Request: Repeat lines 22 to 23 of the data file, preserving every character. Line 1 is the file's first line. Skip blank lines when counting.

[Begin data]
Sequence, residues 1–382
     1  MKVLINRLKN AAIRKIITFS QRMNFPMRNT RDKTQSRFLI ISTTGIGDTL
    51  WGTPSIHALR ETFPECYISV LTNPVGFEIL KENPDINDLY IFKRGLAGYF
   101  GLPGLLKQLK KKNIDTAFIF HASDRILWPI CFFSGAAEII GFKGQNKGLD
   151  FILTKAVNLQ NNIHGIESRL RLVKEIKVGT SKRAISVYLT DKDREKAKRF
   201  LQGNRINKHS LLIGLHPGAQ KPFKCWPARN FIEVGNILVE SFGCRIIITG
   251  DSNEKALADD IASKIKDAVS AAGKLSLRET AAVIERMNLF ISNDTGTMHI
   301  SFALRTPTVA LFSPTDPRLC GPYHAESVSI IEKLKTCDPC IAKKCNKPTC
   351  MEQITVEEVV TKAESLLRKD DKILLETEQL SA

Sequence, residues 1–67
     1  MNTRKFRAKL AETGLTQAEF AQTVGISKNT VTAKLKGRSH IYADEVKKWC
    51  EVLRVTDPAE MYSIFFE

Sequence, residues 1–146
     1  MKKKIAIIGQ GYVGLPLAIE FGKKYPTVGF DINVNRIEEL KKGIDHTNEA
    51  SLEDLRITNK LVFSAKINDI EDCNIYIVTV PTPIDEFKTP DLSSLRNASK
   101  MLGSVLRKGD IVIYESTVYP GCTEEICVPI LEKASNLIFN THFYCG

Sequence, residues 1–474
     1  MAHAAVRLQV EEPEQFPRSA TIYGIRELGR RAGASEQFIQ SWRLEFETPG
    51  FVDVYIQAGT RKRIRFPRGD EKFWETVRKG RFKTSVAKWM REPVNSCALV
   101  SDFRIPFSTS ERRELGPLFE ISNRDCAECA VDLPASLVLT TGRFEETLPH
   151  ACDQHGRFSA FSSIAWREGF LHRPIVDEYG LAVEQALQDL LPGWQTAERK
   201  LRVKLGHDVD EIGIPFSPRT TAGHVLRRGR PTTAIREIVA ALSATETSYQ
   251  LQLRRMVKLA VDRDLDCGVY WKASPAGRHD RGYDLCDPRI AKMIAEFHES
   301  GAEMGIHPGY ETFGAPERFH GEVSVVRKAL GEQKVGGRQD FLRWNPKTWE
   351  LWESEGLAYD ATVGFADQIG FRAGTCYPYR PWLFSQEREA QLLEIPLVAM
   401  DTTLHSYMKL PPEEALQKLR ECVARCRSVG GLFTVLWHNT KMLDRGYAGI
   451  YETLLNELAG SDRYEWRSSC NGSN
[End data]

   201  LRVKLGHDVD EIGIPFSPRT TAGHVLRRGR PTTAIREIVA ALSATETSYQ
   251  LQLRRMVKLA VDRDLDCGVY WKASPAGRHD RGYDLCDPRI AKMIAEFHES